Oct 10 2013
It seems the general public has a pre-conceived notion that Human Trafficking is a crime only happening in 3rd world countries with corrupt governments. While that is true, It’s also true that it occurs right here in the U.S. and our home state of South Carolina. However, SC is making strides in working to prevent this crime from growing any further and protect people who have been effected by it.
Human trafficking is a form of modern-day slavery where people profit from the control and exploitation of others. As defined under U.S. federal law, victims of human trafficking include children involved in the sex trade, adults age 18 or over who are coerced or deceived into commercial sex acts, and anyone forced into different forms of “labor or services,” such as domestic workers held in a home, or farm-workers forced to labor against their will.
It is estimated that there are over 100,000 children in the sex trade in the United States each year and According to the U.S. Department of Justice, as many as 300,000 American children are at risk of falling victim to trafficking. Traffickers move victims around frequently to keep them isolated and under control. South Carolina is a trafficker’s ideal channel. Interstate highways including I-85 and I-26 connect major trafficking destinations. I-95 connects known trafficking hotspots of New York, DC, Atlanta, and cities in Florida. SC Law enforcement has been diligently uncovering more cases, and national and local tips have increased about possible trafficking on farms, in restaurants and nail spas, in areas such as Santee, Greenville, Greenwood, North Charleston, Charleston, Columbia, Conway, Myrtle Beach and rural areas of the State.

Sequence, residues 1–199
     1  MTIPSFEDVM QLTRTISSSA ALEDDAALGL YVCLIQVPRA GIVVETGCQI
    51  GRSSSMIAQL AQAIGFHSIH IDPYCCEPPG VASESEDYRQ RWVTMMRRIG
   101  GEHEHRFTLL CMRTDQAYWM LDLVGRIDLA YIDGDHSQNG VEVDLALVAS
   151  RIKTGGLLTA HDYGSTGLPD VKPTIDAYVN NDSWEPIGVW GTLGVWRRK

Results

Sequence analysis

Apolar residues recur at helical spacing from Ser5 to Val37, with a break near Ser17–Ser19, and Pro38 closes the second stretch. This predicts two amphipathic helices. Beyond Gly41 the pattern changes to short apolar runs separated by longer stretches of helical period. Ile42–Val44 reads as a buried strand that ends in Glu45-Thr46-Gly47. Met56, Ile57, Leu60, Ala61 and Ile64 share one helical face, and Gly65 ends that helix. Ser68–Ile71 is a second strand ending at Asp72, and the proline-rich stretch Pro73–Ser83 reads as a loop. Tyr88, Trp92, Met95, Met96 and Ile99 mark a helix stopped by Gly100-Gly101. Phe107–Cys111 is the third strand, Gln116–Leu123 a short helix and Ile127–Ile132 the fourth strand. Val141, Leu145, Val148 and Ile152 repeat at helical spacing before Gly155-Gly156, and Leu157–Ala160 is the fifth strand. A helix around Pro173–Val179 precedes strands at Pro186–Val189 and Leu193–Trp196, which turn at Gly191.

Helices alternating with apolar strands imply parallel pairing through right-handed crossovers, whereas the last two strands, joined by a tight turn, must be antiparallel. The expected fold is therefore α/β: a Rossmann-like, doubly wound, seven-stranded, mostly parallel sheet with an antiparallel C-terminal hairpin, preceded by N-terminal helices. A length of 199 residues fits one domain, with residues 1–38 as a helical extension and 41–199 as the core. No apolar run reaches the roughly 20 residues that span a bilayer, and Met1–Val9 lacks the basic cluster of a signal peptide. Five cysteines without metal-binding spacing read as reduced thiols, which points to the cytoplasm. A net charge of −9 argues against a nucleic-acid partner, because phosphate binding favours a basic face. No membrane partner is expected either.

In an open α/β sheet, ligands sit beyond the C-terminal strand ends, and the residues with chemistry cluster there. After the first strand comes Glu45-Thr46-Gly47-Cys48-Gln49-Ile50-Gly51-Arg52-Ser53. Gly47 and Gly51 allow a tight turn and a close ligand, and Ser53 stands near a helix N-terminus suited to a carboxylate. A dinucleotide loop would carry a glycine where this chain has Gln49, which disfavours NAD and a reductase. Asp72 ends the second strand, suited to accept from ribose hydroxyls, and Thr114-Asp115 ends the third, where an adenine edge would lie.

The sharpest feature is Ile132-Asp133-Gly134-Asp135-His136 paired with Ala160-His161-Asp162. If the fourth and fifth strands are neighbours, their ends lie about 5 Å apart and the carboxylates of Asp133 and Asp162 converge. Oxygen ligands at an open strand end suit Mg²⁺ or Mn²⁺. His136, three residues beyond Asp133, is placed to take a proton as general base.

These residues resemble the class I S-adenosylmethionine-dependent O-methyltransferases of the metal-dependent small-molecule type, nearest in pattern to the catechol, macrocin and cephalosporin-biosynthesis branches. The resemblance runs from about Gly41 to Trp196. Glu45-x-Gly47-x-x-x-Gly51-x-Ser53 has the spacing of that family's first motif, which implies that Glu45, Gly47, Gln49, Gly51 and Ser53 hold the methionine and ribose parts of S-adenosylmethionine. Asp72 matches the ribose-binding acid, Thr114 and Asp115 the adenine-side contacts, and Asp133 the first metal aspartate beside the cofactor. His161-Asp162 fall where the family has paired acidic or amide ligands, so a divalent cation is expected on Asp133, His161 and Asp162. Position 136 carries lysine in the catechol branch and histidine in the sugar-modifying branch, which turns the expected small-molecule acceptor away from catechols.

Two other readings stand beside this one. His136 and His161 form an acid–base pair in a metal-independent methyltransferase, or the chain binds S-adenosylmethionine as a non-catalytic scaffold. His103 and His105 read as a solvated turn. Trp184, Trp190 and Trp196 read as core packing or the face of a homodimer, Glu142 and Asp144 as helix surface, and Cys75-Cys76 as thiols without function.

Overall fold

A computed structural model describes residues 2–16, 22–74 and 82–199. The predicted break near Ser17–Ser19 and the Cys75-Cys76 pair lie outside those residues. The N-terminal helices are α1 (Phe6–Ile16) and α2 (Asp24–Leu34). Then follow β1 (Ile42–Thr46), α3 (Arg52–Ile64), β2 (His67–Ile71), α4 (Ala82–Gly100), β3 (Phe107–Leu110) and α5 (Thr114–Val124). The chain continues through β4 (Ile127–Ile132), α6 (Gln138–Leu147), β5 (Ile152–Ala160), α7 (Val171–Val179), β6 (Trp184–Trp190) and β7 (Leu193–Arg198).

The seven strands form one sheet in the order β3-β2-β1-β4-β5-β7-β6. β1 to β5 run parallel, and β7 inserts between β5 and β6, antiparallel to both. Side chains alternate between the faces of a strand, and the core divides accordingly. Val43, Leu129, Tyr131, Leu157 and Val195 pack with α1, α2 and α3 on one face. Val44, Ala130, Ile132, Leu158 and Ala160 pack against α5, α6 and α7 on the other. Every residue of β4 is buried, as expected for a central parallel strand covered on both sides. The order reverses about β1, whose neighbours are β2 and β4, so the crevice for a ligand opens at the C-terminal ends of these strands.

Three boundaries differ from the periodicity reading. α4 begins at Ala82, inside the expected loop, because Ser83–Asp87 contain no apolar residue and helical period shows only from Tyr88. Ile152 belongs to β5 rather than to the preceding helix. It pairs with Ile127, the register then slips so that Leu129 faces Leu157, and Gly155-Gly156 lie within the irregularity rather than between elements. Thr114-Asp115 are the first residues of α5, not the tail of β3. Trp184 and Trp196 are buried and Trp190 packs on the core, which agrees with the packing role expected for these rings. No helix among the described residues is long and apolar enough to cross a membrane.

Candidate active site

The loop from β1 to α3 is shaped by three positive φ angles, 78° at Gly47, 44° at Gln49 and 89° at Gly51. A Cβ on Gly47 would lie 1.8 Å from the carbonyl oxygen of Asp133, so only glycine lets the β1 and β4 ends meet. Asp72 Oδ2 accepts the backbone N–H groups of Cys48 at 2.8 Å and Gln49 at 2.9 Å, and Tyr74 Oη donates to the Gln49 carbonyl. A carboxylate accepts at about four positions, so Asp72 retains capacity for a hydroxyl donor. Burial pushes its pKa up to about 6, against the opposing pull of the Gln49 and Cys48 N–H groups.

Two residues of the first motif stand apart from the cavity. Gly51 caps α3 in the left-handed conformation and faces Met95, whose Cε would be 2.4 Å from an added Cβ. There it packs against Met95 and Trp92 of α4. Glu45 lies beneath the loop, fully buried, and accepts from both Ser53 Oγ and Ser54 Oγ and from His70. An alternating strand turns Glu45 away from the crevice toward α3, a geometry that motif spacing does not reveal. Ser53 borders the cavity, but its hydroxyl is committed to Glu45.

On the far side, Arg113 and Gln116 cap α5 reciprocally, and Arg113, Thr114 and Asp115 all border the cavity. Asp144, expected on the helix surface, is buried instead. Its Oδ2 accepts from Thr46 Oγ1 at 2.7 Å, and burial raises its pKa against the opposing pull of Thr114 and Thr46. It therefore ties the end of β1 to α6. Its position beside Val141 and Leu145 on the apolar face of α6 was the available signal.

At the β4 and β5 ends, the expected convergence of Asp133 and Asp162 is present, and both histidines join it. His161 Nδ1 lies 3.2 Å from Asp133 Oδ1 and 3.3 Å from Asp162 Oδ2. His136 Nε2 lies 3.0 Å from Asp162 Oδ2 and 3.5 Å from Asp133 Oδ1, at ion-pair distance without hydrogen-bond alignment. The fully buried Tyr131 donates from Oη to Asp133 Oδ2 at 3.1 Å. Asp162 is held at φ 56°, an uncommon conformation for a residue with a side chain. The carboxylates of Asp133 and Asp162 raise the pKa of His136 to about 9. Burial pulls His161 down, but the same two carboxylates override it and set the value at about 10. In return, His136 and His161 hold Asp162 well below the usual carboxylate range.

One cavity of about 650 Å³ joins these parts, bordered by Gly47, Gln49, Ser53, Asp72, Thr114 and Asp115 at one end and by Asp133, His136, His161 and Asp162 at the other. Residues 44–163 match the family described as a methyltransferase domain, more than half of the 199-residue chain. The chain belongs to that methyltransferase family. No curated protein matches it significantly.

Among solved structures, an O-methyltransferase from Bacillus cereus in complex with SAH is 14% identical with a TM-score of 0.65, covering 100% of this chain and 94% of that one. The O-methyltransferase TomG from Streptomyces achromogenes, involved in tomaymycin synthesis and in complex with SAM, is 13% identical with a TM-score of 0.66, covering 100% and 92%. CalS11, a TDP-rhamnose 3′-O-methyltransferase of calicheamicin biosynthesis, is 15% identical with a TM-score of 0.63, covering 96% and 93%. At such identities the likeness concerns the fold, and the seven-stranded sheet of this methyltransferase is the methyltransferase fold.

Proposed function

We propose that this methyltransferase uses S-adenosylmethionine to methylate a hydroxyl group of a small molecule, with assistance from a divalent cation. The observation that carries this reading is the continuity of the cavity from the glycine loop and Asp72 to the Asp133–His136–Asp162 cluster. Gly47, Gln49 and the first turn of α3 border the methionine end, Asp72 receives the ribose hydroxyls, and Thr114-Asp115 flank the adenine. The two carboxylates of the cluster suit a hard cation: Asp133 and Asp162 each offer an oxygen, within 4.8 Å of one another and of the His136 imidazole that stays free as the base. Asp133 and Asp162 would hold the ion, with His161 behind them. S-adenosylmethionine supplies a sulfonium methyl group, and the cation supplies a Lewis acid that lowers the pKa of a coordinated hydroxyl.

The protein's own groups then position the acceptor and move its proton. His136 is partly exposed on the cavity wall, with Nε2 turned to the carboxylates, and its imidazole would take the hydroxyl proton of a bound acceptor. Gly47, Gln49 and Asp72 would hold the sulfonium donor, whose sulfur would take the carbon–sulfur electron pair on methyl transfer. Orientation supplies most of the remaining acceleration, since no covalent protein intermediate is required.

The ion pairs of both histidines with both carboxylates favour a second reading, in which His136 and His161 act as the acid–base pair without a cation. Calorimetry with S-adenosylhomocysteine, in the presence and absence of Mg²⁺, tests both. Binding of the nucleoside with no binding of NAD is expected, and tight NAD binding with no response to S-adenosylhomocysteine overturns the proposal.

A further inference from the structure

So, what is being done about it? House Bill 3757 is the most recent piece of legislation regarding human trafficking that passed the SC General Assembly last year. This legislation requires that all money, valuables, and property of a person convicted of human trafficking or felony extortion (labor trafficking) used in connection with, or gained from the crime, be forfeited to the State. Then, all of the proceeds from seized assets will go into a fund which pays for critically needed victim services including attorney and court-related costs, prosecution of traffickers and law enforcement investigative costs for human trafficking cases, costs borne by the state task force, public education and outreach on human trafficking. The bill was passed unanimously by the SC General Assembly and was put into effect December, 2012.
The state also started a Human Trafficking Task Force, which brings together law enforcement agencies, victims’ advocates and other state agencies. The task force works to prevent and prosecute these crimes. They are also a result of the law that Gov. Nikki Haley signed late last year.
Currently, in the Judiciary Committee is S.284. Senator Hutto sponsored this legislation requiring national human trafficking resource center hotlines in certain business establishments. It provides the language for the posting and a penalty for failure to post.
In February of this year, Representative Hardwick also sponsored a sister bill to S. 284, as well as sponsoring legislation to add the offense of trafficking to the State Grand Jury’s jurisdiction. (Specifically if the victim has been trafficked in more than one county or when the trafficker commits the offense in more than one county.)
For more information on Human Trafficking and what organizations and the government are doing to stop it, see the websites below.